GOALS: Eggs, pets, garden help, and fertilizer! Eventually, I'll probably let them breed so that I can select new hens to replace the older hens for egg production. Favorite birds will remain pets for life. Non favorites may be culled for food, or, if I don't have the heart to do it (which I very likely won't), given away. Newly bred birds, same thing - extra roos and hens will go to the stew pot, or be sold/given away. This is so that I don't exceed max occupancy for my coop (and if I eventually do, I can always add on for more space - I've read a lot about chicken math!)
RANGE PLANS: My overly optimistic goal is to allow the birds to free range over our property during the daytime (with simple fencing to keep them out of the veggie patch and other areas we wish to protect). I know, I know - predators may prove to be a problem. If that happens, I'll surely rethink my plan and will have a plan B on standby (fenced run). After reading "Chicken Gardens" I'm so inspired by what the birds can do for me with regards to weed and insect control, fertilizer, etc. And I truly believe this is healthiest for the chickens. That being said, I'm also entertaining the idea of using electric field netting as a moveable perimeter that we can change every week or two, which doesn't protect from hawks but will protect from the 4-legged predators who may be tempted to come during the day. As for hawks, there will be loads of places for the chickens to take cover, and hopefully the roo will alert them.
And, if our dogs prove to be good with the chickens, we may eventually put them on an invisible fence for added daytime predator control. At night, of course, the chickens would be locked in the coop, and I'd add something like solar night eyes or predator preventer and a scarecrow (saw that someone used a beauty store head with a scarf and sunglesses on a stick body, love that idea, lol) as additional predator deterrents.
I assure everyone that I'm taking the predator issue very seriously and will be very proactive about prevention and alternate options if we lose any birds. But I won't know if total free range will work until I try, right?
With the chicks arriving in August, can I just devise a brooder inside the shed/coop and keep them outside from the beginning? It should be quite warm that time of year (stays warm through October), and the location of the shed will be shaded, so it shouldn't get overly hot with the windows open. I would add a temporary small adjacent covered run until they're big enough to have supervised free range time, and eventually unsupervised full time free ranging. I can run a power cord to the coop easily because it'll be very close to the front porch, which has outlets - I was thinking of getting a Brinsea EcoGlow 20, if I can ever get my hands on one - they're always sold out!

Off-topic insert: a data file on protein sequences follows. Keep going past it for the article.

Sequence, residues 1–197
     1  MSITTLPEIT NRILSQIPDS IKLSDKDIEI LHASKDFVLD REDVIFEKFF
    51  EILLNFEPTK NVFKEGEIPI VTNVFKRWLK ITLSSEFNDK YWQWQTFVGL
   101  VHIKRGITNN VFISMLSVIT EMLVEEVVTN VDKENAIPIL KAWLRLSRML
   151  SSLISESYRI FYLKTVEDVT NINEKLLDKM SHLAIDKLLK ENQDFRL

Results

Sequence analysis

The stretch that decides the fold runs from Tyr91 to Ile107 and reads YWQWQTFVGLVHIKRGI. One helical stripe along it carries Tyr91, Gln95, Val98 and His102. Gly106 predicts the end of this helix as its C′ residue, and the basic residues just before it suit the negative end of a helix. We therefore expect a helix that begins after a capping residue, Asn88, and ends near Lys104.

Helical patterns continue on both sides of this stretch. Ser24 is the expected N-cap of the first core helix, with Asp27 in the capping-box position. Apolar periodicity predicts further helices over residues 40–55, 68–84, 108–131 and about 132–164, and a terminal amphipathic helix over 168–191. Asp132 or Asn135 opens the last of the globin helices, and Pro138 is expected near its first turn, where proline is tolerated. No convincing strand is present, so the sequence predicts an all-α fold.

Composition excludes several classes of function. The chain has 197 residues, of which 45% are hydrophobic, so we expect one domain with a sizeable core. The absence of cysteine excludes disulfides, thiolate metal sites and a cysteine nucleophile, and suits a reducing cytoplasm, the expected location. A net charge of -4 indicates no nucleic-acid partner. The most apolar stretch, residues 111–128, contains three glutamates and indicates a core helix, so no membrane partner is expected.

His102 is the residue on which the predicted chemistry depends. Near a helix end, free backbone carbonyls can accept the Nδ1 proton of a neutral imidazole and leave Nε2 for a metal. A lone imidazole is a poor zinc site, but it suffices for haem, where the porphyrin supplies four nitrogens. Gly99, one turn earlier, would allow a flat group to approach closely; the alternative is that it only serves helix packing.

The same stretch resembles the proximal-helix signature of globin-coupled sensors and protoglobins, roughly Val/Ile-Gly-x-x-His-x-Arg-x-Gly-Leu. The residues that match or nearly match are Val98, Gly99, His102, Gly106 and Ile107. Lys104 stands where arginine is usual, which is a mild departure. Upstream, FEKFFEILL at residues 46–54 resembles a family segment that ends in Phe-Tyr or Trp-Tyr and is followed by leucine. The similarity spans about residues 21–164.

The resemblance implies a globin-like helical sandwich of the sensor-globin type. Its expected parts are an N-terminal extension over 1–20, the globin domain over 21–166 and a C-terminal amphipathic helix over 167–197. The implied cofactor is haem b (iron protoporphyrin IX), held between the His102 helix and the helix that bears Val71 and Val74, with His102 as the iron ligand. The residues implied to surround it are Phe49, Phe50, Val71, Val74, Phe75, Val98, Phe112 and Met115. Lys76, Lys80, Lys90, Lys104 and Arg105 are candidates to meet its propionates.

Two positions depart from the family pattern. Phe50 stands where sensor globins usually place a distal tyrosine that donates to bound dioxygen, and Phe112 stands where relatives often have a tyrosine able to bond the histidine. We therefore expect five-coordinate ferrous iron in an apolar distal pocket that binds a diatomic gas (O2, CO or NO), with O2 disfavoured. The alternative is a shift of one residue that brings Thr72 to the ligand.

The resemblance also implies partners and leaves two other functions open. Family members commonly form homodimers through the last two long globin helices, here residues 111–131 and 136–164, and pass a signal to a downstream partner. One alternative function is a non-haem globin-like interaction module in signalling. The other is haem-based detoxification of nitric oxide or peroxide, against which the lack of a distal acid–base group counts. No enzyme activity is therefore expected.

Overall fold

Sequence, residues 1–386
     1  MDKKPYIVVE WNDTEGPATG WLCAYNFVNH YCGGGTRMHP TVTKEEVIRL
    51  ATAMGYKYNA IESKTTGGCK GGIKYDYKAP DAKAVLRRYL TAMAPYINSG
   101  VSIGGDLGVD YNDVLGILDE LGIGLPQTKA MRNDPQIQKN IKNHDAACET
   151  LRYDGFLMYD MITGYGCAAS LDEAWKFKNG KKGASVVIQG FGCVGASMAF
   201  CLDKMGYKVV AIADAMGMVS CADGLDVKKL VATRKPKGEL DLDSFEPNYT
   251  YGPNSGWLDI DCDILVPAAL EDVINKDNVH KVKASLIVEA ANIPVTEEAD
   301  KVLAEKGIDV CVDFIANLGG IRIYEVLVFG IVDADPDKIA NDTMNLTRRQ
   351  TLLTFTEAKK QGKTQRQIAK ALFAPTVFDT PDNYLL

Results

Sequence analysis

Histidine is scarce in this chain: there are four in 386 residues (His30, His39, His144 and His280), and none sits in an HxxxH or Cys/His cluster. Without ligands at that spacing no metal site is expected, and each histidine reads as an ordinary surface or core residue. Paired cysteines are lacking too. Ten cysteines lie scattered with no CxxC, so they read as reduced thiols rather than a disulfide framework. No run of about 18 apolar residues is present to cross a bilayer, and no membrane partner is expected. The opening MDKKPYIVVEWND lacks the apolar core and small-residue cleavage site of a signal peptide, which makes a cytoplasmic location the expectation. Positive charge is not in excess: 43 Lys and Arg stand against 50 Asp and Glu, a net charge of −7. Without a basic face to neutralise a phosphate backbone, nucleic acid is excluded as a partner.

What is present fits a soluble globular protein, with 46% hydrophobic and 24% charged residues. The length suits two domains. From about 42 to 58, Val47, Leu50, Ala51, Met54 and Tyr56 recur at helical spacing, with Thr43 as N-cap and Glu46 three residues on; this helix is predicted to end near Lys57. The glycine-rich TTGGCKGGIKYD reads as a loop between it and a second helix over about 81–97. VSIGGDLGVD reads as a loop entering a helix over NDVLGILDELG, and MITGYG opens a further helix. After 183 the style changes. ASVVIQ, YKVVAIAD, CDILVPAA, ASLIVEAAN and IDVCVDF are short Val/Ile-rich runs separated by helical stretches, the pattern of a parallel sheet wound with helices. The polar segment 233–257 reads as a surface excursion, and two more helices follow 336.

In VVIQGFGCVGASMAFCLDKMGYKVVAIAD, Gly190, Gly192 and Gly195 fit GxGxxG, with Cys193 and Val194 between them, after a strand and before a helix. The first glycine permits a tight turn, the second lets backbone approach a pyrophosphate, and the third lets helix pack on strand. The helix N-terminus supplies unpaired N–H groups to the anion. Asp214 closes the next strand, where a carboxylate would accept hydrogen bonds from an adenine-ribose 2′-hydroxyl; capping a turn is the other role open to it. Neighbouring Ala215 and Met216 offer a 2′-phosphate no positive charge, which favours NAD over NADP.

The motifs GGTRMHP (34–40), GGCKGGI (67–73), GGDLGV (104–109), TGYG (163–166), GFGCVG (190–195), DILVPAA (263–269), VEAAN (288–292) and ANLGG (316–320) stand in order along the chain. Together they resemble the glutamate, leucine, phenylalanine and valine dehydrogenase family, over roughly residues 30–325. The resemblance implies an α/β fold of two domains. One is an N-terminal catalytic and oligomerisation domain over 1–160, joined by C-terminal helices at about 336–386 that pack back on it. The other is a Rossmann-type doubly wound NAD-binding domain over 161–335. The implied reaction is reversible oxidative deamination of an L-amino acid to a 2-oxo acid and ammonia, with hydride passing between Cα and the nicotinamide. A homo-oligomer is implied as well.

I've read that adding light inside the coop will help with egg production in fall/winter months (and being this far north we have a lot of darkness in the fall/winter). Has anyone used solar landscape lights for this purpose - will they be bright enough? While I can run power to the coop temporarily for the babies, I won't have permanent power and would need something solar or battery operated with a timer. Any suggestions? How bright does nighttime lighting have to be in order to get any benefits?
Should I order a couple more roo babies so that I can watch them grow and select the "best" one, rather than hope that the single roo I got meets my needs, and risking the chance that he won't and I'll have mature hens with no roo? The excess roos can be rehomed, or whatever. If this is a good idea, any recommendations as to breeds other than the EE roo I already ordered? I was really hoping for an EE roo so that I could eventually breed some olive eggers in addition to more EE hens - so maybe just order 3 EE roos and keep the best one?
I'm 100% certain that DH and I will never ever be able to butcher our own chickens. NEVER EVER. Anyone in Western WA (I'm out on the Peninsula - Tacoma/Gig Harbor/Bremerton area) know of anyone I can hire to do the deed? Ideally I'd bring the chickens to their location, pay the fee, and return the next day for clean and bagged birds. A referral would be greatly appreciated!
I think that's it for now!